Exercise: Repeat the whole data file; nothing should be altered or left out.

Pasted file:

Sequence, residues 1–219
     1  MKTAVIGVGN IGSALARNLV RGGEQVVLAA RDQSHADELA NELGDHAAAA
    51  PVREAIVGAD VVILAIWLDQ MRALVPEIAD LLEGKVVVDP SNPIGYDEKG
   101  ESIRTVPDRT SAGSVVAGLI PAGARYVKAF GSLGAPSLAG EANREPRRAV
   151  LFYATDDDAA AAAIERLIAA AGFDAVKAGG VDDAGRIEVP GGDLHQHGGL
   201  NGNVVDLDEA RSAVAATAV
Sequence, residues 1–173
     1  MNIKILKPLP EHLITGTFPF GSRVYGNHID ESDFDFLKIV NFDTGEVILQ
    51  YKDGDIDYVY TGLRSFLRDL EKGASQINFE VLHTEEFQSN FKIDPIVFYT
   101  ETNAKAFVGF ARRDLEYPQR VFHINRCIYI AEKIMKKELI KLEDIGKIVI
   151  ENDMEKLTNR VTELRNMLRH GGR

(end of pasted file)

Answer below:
Sequence, residues 1–219
     1  MKTAVIGVGN IGSALARNLV RGGEQVVLAA RDQSHADELA NELGDHAAAA
    51  PVREAIVGAD VVILAIWLDQ MRALVPEIAD LLEGKVVVDP SNPIGYDEKG
   101  ESIRTVPDRT SAGSVVAGLI PAGARYVKAF GSLGAPSLAG EANREPRRAV
   151  LFYATDDDAA AAAIERLIAA AGFDAVKAGG VDDAGRIEVP GGDLHQHGGL
   201  NGNVVDLDEA RSAVAATAV
Sequence, residues 1–173
     1  MNIKILKPLP EHLITGTFPF GSRVYGNHID ESDFDFLKIV NFDTGEVILQ
    51  YKDGDIDYVY TGLRSFLRDL EKGASQINFE VLHTEEFQSN FKIDPIVFYT
   101  ETNAKAFVGF ARRDLEYPQR VFHINRCIYI AEKIMKKELI KLEDIGKIVI
   151  ENDMEKLTNR VTELRNMLRH GGR